Perioperative Guidelines 2014 Update – Synopsis

  • Perioperative Guidelines 2014 Update – Synopsis


Wait ≥ 60 days after MI prior to non cardiac surgery in the absence of coronary intervention.

Age > 62 yo is an independent risk factor for perioperative stroke.


Perioperative Valvular Disease Considerations:

  • Patients with moderate-severe stenosis or regurgitation need an echo if none in the last year or changes in clinical status or physical exam.
  • In patients that meet indications for valvular surgery, valvular intervention (replacement/repair) reduces perioperative risk.
  • Asymptomatic severe AS may receive elective non-cardiac surgery (elevated risk).
  • Asymptomatic severe MS may receive elective non-cardiac surgery (elevated risk), if balloon MV-plasty not possible.
  • Asymptomatic severe AI with normal LVEF  may receive elective non-cardiac surgery (elevated risk)
  • Asymptomatic severe MR may receive elective non-cardiac surgery (elevated risk)


ICD management plan should be discussed between surgeon and “clinician” prior to non-cardiac surgery.

Patients with pulmonary HTN should have PH specialist, and should continue usual pulmonary vascular therapy.


Pre-Surgical Cardiac Testing:

  • Go to surgery:  surgical emergency,  low-risk surgery (< 1%),  > 4 METS.
  • Stress testing:  < 4 METS,  unknown functional capacity.  Not useful for low risk surgery or > 4 METS.
  • EKG:  useful for CAD, arrhythmias, PAD, cerebrovascular disease, structural HD.  Not useful for low-risk surgery & asymptomatic.
  • LVEF:  unknown dyspnea on exertion,  HF with change of symptoms,  HF with no echo for 1 year.  Not useful for routine use.
  • Cardiopulmonary Testing:  elevated risk surgery & unknown functional capacity.
  • Coronary Angiography:  routine use not needed.  Ok to revascularize if it is indicated anyways.


Post-PCI Recommendations to Delay Surgery:

  • Balloon angiography:  2 weeks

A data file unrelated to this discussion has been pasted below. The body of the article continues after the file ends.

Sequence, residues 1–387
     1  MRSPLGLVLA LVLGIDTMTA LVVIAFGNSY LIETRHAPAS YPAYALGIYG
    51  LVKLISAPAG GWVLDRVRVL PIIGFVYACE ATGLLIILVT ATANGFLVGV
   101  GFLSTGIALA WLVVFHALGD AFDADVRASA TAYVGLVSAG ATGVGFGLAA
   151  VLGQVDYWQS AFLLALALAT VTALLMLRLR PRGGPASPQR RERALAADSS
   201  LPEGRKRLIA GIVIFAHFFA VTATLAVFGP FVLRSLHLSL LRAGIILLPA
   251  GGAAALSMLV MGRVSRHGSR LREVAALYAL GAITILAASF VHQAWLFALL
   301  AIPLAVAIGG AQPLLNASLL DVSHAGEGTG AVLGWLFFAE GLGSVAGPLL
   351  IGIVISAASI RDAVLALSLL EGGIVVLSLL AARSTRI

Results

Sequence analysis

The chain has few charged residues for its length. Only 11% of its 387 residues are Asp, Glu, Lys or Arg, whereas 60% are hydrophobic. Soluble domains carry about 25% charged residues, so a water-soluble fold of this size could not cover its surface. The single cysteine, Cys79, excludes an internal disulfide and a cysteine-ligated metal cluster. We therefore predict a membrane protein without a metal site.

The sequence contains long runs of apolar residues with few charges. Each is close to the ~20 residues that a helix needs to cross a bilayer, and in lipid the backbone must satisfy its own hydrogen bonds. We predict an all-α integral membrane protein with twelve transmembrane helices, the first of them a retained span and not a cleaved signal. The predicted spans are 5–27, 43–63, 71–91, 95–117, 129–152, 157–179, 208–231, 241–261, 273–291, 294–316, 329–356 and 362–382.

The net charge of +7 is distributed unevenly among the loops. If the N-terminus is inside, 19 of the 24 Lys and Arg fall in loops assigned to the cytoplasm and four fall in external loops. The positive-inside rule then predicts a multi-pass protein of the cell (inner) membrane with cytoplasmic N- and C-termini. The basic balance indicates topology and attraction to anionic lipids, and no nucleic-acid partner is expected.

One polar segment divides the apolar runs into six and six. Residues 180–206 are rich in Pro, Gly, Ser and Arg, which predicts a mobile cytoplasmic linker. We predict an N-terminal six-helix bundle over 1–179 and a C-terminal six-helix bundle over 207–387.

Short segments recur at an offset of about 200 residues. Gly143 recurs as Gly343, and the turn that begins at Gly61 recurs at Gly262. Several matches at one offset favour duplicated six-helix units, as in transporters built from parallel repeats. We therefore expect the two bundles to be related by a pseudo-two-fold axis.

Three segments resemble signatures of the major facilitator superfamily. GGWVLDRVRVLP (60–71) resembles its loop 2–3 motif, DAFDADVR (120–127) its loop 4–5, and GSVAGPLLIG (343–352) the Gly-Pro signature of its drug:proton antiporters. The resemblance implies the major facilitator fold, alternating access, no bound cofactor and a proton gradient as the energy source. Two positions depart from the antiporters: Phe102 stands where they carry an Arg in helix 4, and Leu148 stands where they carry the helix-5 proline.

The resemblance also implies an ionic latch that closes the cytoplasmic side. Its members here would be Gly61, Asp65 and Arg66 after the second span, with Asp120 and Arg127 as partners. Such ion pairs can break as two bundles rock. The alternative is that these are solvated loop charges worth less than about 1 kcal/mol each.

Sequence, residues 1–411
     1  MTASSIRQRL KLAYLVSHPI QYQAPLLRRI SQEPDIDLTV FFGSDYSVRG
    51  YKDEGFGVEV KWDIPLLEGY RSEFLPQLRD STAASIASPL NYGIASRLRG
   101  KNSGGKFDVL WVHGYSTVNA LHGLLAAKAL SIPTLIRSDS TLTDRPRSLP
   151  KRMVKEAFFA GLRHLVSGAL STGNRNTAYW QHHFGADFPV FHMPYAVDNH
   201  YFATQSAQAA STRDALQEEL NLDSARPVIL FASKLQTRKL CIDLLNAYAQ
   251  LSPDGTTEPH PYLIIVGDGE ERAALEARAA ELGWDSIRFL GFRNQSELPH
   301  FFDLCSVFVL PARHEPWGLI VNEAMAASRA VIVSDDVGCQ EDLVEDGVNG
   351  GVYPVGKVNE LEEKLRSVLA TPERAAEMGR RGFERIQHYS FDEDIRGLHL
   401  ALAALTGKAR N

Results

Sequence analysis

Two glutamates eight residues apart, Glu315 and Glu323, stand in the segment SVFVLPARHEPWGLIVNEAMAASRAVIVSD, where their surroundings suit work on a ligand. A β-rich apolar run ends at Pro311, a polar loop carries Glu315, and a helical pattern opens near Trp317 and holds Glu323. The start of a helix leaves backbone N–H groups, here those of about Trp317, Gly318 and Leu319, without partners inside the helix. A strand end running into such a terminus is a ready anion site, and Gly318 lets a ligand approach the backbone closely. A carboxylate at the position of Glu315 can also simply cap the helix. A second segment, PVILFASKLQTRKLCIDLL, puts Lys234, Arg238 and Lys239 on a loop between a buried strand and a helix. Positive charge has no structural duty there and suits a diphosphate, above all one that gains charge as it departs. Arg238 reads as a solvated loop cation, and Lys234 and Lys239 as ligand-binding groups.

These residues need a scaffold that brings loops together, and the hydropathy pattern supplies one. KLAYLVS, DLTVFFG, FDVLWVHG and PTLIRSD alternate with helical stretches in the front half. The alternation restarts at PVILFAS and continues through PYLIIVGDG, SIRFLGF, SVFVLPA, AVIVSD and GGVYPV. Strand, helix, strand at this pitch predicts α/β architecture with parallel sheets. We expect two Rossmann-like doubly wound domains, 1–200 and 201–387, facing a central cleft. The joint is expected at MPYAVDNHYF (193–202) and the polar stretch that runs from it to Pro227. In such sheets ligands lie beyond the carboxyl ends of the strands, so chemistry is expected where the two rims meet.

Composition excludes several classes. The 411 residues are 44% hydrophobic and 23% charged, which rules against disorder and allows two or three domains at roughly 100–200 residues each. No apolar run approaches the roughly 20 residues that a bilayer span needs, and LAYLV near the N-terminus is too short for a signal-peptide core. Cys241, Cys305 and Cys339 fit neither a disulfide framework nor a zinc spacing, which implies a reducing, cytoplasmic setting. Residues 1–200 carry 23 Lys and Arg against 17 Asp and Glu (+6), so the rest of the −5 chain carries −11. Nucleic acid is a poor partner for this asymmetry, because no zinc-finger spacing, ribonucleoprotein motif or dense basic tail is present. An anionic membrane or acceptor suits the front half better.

• Bare metal stent:  1 month
  • DES / DAPT:  1 year    (180 days if delay risk is greater than ischemia risk)


RCRI Risk Factors:  DM, HF, CAD, CRI, stroke


Medical Therapy:

  • Beta blockers:  ok to continue peri-op, ischemia risk, 3+ RCRI risk factors.  Don’t start on day of surgery.
  • Statins:  ok to continue in surgery, start for vascular surgery, possibly for elevated-risk procedures
  • Alpha-2 Agonists not helpful to prevent cardiac events
  • ACEI:  ok to continue periop, ok to start soon post-op
  • DAPT for stent:
  • Continue DAPT 4-6 weeks after BMS or DES if benefit > risk
  • If surgery mandates P2Y12 discontinuation, continue ASA and restart P2Y12 ASAP
  • DAPT management should be a partnership with surgeon, cardiologist, and patient
  • No need to start ASA for elective non-cardiac non-carotid surgery with no previous stent



  • Neuraxial anesthesia for AAA surgery
  • Epidural anesthesia for hip fracture
  • TEE for evaluation of hemodynamic instability, not for routine use
  • Hemodynamic assist devices can be used for acute severe cardiac dysfunction
  • Pulmonary artery catheterization for hemodynamic abnormalities that cannot be resolved before surgery.  No routine use.


Perioperative Surveillance

  • Measure troponins if suggestion of myocardial ischemia / MI.
  • EKG if MI, ischemia, or arrhythmias.
  • No routine troponins pre0p



Fleisher LA, Fleischmann KE, Auerbach AD, Barnason SA, Beckman JA, Bozkurt B, Davila-Roman VG, Gerhard-Herman MD, Holly TA, Kane GC, Marine JE, Nelson MT, Spencer CC, Thompson A, Ting HH, Uretsky BF, Wijeysundera DN. 2014 ACC/AHA guideline on perioperative cardiovascular evaluation and management of patients undergoing noncardiac surgery: a report of the American College of Cardiology/American Heart Association Task Force on Practice Guidelines. J Am Coll Cardiol 2014;64:e77–137.



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